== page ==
elbanditoroso's avatar

My assumption that is people use far too much detergent – they don’t read the instructions and put a cup in where a half cup will do.

As a result, it doesn’t thoroughly rinse out of the fabric, and a sensitive skinned person will feel the chemical.

Follow the instructions and I’ll bet the irritation is reduced.

http://planetgreen.discovery.com/home-garden/laundry-detergent.html

cazzie's avatar

Usually, it is the fragrances people build an allergy to. While the caustic stuff is formulated to rinse away, the fragrance, and other buffer material, is formulated to stick on to the material. Fabric softeners are horrible when it comes to causing allergies.

Remember, everything is made up of chemicals, natural or formulated. I have natural extracts in my lab I would never place directly on anyone’s skin. If anyone feels allergic to their washing powder, I always tell them, shift to an unscented one, any brand, and see if that helps. It usually does.

Latex allergies are very common. I am mildly allergic to it, due to years and years of using latex gloves (thinking I was protecting my skin from worse chemicals.. oh the irony). Nickel allergies are also well documented and all too common.

What we know, in the cosmetic formulations industry, is that there are well documented allergens and there are also what we call ‘sensitisers’. What sensitisers do is, when you are exposed to them, you become sensitive to things you never reacted to before, like a reaction to sunlight after applying something containing a citrus oil on your skin. It also makes you more sensitive to the next time you are exposed to them. The eugenol in clove oil is a big culprit in bath and body products for men. The fragrance that smells like rose, geraniol, is a culprit in many, many products. Some people will react, some people won’t. What I try to do, as a formulator, is take all the precautions and ensure the labels are truthful.

Tide must being using a fragrance that people have become sensitised to. That is my best guess. I was also freaked out a few times, buying products for my young son that were labelled, ‘unscented’ still contained a fragrance component in it because companies throwing that ‘unscented’ label around were still allowed to used a ‘masking fragrance’ and call it unscented.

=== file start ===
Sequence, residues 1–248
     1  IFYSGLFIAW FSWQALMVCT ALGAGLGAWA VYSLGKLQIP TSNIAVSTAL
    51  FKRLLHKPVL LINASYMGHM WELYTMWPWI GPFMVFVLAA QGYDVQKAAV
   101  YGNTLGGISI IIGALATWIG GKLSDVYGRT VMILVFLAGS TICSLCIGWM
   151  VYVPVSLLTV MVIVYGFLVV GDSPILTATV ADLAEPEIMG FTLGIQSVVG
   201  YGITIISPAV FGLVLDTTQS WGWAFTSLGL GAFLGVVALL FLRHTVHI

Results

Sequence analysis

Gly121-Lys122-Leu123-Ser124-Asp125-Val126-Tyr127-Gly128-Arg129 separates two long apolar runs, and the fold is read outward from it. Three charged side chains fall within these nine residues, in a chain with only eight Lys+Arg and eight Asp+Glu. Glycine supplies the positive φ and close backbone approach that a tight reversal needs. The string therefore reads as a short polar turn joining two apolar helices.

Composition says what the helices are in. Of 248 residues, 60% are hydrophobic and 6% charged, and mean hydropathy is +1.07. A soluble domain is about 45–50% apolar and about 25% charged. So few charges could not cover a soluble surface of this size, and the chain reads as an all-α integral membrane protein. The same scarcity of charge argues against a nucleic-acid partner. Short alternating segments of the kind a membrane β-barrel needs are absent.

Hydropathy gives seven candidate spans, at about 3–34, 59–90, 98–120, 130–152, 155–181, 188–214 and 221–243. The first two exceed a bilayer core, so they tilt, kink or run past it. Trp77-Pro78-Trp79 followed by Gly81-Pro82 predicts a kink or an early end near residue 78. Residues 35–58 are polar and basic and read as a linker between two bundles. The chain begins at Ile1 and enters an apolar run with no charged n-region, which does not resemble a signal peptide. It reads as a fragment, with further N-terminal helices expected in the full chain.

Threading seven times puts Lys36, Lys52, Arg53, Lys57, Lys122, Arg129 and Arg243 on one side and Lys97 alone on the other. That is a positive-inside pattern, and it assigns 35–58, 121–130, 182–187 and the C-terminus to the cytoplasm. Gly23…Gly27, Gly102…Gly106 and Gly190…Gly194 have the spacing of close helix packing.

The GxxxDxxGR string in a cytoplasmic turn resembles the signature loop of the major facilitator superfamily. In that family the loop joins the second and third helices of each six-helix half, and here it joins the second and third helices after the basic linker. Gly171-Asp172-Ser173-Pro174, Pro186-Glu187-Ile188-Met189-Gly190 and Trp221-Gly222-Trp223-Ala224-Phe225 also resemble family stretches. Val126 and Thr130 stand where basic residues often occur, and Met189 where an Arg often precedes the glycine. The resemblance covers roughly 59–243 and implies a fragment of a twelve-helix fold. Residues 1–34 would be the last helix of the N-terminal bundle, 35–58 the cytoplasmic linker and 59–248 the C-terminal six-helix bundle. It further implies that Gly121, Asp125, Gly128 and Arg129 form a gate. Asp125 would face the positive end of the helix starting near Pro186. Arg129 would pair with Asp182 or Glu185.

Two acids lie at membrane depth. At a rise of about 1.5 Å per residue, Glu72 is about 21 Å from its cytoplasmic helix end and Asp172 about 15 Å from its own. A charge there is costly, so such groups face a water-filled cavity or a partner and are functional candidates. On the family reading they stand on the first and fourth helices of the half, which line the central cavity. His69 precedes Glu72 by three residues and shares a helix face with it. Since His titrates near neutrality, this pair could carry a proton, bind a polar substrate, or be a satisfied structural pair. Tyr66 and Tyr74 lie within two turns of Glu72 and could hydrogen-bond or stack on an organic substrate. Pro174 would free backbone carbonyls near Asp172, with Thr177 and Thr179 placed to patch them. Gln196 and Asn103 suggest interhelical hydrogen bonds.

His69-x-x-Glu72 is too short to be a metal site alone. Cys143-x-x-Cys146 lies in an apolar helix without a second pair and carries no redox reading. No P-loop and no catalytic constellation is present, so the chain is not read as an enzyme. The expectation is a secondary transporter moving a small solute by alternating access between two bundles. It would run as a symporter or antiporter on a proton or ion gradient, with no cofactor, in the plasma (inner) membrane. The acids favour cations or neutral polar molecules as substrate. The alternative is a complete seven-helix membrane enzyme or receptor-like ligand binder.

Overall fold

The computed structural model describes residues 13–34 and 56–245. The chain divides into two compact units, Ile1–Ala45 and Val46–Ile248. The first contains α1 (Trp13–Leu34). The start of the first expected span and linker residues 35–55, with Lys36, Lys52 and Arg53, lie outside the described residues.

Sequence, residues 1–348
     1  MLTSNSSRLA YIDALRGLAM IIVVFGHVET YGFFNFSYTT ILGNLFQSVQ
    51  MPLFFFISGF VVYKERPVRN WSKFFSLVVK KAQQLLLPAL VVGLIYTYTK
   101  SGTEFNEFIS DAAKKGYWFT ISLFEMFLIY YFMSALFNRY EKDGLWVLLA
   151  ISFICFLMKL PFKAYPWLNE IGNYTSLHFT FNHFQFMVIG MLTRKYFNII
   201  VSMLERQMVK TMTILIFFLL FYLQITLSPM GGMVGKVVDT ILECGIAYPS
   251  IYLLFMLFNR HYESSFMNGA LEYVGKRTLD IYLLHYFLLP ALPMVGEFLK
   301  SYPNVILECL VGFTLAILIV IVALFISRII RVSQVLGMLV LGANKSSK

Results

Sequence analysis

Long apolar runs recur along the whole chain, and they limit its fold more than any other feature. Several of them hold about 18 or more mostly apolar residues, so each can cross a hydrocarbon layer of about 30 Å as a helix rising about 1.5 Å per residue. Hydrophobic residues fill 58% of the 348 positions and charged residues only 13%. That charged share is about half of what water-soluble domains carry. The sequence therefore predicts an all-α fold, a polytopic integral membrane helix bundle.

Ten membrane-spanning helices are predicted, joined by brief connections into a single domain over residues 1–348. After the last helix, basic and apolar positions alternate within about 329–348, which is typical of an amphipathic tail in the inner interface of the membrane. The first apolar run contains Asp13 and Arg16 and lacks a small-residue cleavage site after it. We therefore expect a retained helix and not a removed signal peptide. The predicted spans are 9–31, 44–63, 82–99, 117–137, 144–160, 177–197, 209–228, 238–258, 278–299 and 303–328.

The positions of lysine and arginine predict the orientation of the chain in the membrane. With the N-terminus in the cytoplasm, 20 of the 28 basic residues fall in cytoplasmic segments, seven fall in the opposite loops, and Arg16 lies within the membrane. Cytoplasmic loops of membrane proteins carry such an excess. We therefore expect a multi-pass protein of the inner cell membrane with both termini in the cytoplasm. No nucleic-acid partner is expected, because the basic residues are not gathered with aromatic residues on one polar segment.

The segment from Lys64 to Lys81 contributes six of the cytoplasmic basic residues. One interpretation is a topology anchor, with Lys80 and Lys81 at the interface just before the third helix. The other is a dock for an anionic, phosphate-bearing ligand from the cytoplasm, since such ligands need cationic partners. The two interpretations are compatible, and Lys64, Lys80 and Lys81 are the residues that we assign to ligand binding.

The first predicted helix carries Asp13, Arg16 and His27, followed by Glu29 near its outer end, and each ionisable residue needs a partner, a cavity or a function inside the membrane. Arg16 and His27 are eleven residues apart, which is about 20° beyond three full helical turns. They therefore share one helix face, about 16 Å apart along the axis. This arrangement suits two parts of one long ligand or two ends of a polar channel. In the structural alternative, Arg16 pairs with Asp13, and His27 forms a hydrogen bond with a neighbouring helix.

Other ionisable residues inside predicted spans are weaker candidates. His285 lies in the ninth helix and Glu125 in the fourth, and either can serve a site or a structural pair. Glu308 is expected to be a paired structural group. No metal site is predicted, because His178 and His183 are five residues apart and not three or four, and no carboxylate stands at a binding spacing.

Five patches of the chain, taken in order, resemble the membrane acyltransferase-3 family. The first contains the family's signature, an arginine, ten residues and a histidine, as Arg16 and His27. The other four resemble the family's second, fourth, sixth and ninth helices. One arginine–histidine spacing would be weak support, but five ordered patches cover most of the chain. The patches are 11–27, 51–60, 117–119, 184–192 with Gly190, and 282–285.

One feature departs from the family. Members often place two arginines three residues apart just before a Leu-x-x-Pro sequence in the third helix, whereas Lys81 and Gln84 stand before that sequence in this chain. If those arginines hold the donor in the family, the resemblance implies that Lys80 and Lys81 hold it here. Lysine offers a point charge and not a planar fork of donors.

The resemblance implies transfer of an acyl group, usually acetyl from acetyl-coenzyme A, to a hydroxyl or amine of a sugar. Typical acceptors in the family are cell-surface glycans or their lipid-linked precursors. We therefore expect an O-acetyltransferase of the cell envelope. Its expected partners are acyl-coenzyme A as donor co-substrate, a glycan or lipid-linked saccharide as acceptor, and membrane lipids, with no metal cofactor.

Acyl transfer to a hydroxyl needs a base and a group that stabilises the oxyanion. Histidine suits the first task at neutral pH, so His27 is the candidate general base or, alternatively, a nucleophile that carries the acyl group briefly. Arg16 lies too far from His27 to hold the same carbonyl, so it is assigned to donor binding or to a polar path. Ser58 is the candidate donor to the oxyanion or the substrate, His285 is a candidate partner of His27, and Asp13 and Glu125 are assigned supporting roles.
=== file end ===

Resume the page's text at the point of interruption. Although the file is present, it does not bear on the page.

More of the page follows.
If you are allergic to things, or suffer from skin problems, KNOW what you are putting on and around your skin. My best advice is be as informed as you can be. Know the rules and the rule breakers and read the ingredient lists.

figbash's avatar

I have the same problem with Tide, specifically.

Linda_Owl's avatar

I cannot use Tide detergent at all. I have tried it & it will break me out & make me itch.

JLeslie's avatar

By the way, Tide is the best selling laundry detergent in America.

greenmummy's avatar

I used to use Tide for my families laundry, almost exclusively, until a friend sent me a link to this article, http://www.healthyhomecleaning.com/use-norwex-laundrydetergent-not-tide. I haven’t converted to the Norwex brand, but reading this made me start to look a little more closely at the ingredients in my laundry detergent. I had no idea that the ingredients in most laundry detergents are so unhealthy. I’m looking into purchasing something with less fillers, decreased harsh chemicals and no fragrance. Tide will not be used in our house anymore.

I am interested in a previous comment in this thread that says that there is sawdust in Tide… really??? I’d like to see some credible source to back up this claim. Is it used as one of the fillers or is this just a myth?

DeLaVega44's avatar

You need to avoid detergents all together, invest in a detergent free cleaning system that connects to your washing machine. Commercial versions have often been used by hospitals to protect their patients from detergent allergies, and are now available for residential use as well! The added benefit of a detergent free system is that they don’t use hot water which makes them energy-efficient, potentially saving money on electricity bills while protecting your skin. For more information on how you could permanently stop using all detergents go to: www.astralaundry.com